In one aspect of the invention, the external recirculating pump has an inlet line 62 bringing water from the reservoir into the pump and an outlet line 64 for transporting water under pressure from the pump back to the reservoir. In one embodiment of the invention as shown in FIG. 1, the inlet line 62 taps into the combined inlet/outlet piping 68 from the reservoir so that a partial amount of the treated water leaving the reservoir is sent to the pump to be pressurized and re-circulated back into the reservoir. The outlet line 64 leads from the recirculating pump to a position approximate the eductor so that treated water from the pump is ingested by the eductor and re-circulated within the reservoir. In an alternative embodiment of the invention, shown in FIGS. 2-3, the inlet line 62 taps into a suction pipe 84 located within the reservoir 10. In one embodiment of this invention, a sample line 28 removes a test stream of water from the reservoir and sends it to an analyzer 30. The sample line 28 can tap into the pump outlet line 64 and carry the previously treated water to analyzer 30, as shown in FIG. 4. In an alternative system, the sample line 28 can be positioned above the one or more eductors 20 within the reservoir 10 to transmit the treated water to the analyzer 30 so that the analyzer 30 determines the make-up of the treated water, as shown in FIGS. 1-3. The analyzer 30 determines the level of at least one of the chemicals in the test stream and emits a chemical-related signal.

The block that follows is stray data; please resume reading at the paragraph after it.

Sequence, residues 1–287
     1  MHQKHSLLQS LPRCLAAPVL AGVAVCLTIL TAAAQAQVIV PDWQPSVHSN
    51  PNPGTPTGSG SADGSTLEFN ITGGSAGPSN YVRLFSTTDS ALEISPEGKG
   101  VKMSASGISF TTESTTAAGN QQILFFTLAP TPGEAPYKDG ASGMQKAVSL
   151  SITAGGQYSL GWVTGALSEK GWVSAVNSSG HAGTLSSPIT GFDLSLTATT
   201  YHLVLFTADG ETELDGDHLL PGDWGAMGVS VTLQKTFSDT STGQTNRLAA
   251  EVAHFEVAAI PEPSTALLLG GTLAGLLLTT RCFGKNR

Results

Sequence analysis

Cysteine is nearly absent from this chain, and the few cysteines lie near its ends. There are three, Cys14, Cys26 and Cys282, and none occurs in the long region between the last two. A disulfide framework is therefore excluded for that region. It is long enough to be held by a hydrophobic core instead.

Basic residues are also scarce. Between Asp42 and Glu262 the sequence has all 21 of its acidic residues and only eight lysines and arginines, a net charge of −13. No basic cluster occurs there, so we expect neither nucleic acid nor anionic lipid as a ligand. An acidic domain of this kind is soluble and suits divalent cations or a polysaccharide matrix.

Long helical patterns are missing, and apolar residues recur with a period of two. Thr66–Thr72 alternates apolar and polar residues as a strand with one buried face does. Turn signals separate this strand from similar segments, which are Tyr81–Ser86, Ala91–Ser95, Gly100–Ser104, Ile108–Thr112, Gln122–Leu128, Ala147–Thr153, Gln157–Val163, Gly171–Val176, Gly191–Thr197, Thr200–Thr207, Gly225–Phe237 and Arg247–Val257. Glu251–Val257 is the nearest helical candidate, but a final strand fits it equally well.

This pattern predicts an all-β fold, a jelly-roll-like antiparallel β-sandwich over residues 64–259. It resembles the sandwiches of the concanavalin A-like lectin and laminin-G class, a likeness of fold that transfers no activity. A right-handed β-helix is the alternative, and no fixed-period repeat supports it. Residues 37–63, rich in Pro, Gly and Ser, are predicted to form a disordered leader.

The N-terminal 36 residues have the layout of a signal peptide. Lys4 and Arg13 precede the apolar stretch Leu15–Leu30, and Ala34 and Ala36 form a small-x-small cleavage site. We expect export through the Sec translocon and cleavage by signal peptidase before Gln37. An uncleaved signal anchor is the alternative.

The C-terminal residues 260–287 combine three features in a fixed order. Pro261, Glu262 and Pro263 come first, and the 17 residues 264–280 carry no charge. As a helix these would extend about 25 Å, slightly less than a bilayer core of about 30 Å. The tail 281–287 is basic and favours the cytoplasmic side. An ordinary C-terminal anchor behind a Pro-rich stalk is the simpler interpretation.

Preferably, the analyzer 30 can determine the levels of multiple chemicals and emit multiple signals to a controller 34. The controller 34 receives the signal and compares the signal to a set point indicative of the level of chemical desired within the reservoir. The controller 34 is designed to maintain, increase, or decrease the amounts of chemical added to the water within the reservoir 10 in controlled amounts. In one embodiment of the invention as shown in FIG. 1, the controller 34 emits an ammonia signal 36 and a hypochlorite signal 38 to the ammonia pump 54 and hypochlorite pump 44, respectively, to adjust the ammonia dosing line 56 and the hypochlorite dosing line 46 into the reservoir 10.

Various chemicals and additives are required to treat and maintain the water within the reservoir 10. Some of the more common chemicals added to the reservoir are at least one of ammonia, hypochlorite, and chlorine. Other chemicals added to the reservoir comprise pH control additives, additional disinfectants, fluorides and phosphates. One or more chemical dosing systems provide a controlled source of the one or more required chemicals for addition to the reservoir according to the signals emitted by the controller. Some chemicals can be manufactured on site and either used immediately or stored for future use.